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Denver Nuggets guard Jamal Murray in the second half of a win against the Lakers on Tuesday, Nov. 27, 2018. David Zalubowski / AP Photo

Did the Denver Nuggets Desperately Need This Break?

The Nuggets were struggling mightily before the NBA season was postponed nearly five months ago. Here's why they may now be better off than other teams.

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The gravity of the novel coronavirus and its life-altering consequences only became apparent to many Americans on March 11—while watching a Denver Nuggets game.

The evening started with ESPN broadcasting a much-anticipated clash between the Nuggets and the Dallas Mavericks. Then, during the second quarter, news broke that the night’s contest between the Utah Jazz and Oklahoma City Thunder had been postponed after Jazz center Rudy Gobert tested positive for novel coronavirus. On the telecast, announcers Doris Burke, Ryan Ruocco, and Tom Rinaldi focused on what the bombshell announcement meant for both the NBA and society at large. Which means the broadcasters didn’t have much time to point out how listless the Nuggets had looked in recent weeks, including during the end of their 113-97 defeat to the Mavericks.

Basketball games are tiny, microscopic potatoes compared to a global pandemic, but the decision to cancel the NBA season came at a good time for the slumping Nuggets. The team had notched a 5-5 record since the All-Star break—a stretch that included losses to two of the worst teams in the league, the Cleveland Cavaliers and the Golden State Warriors. Starting shooting guard Gary Harris looked like he had lost all confidence. Will Barton, arguably the team’s most reliable player through the first five months, had become erratic. Even more alarming: During those 10 games, the team posted the 11th best defense in the league, down from fifth over the first half of the season. Head coach Michael Malone bemoaned a lack of effort, and each half-hearted performance seemed to add another wrinkle to his furrowed brow.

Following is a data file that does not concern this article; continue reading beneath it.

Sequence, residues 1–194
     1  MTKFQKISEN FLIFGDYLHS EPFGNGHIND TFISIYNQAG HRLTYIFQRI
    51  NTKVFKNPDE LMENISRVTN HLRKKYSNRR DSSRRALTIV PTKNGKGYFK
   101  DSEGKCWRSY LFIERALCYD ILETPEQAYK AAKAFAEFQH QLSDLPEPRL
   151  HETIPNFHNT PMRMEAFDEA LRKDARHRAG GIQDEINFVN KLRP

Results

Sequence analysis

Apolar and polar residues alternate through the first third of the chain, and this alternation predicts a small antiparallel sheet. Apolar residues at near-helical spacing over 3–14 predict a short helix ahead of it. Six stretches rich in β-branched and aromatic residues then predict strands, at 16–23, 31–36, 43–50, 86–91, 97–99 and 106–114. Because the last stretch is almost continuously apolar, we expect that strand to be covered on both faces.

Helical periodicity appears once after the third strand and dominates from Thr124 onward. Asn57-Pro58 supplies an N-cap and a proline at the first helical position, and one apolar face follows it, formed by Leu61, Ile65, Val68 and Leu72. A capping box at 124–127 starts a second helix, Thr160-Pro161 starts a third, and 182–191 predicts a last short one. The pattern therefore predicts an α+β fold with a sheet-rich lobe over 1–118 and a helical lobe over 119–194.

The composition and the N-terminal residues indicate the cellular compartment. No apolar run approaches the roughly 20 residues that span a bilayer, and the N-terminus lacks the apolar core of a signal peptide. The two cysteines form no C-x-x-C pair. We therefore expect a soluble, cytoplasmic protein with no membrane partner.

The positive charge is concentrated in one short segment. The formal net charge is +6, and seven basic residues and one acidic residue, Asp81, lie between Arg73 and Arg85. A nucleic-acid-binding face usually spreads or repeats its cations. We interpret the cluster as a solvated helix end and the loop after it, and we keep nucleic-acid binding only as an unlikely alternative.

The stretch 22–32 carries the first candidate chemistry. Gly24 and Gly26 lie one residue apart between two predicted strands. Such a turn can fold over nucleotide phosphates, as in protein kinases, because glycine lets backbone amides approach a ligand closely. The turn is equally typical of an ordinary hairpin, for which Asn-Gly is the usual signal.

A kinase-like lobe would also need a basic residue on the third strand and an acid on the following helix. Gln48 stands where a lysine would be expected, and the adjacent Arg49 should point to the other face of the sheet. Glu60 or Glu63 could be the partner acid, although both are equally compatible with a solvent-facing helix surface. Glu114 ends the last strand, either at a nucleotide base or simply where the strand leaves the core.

During an 82-game season, it’s inevitable that every team will suffer a poor run. And had the novel coronavirus not interrupted their campaign, the Nuggets might very well have recaptured the intensity that had propelled them to second in the Western Conference standings. But Denver currently sits in a precarious position. Yes, the team is third in the West (43-22), but the conference is exceedingly top-heavy: The Nuggets are only two-and-a-half games ahead of the sixth place Houston Rockets and four games in front of seventh-place Dallas. Another two weeks of poor play might have seen the Nuggets slip to the bottom half of the seedings and consequently suffer a likely (and franchise-standard) first-round exit.

In short, the team’s questionable form combined with the prospect of facing a gauntlet of League Legends, from LeBron James to Kawhi Leonard, in the playoffs made the Nuggets championship aspirations—something many pundits thought the team capable of before the season—seem as likely as Nikola Jokic showing up with a post-quarantine six-pack.

But that was in early March, before Jokic actually surprised everyone by getting skinny (still unclear if he has a six pack), and the NBA decided to host the end of the season at a neutral site in Orlando, giving the Nuggets a fresh start after four months of rest.

Going straight from quarantine into a shortened season with limited off days could likely favor teams that are younger and have more continuity; the Nuggets certainly have an advantage in both of those areas compared to, say, the Lakers or the Clippers.

Moreover, the unusual circumstances would increase the odds of anomalous results—and in Jamal Murray and Will Barton, the Nuggets employ a pair of streaky shooters who could help take the franchise on a Cinderella run.

That means, this pandemic-tinged NBA restart could end with this guy lifting the Larry O’Brien Trophy as blue and yellow confetti falls on an empty stadium.

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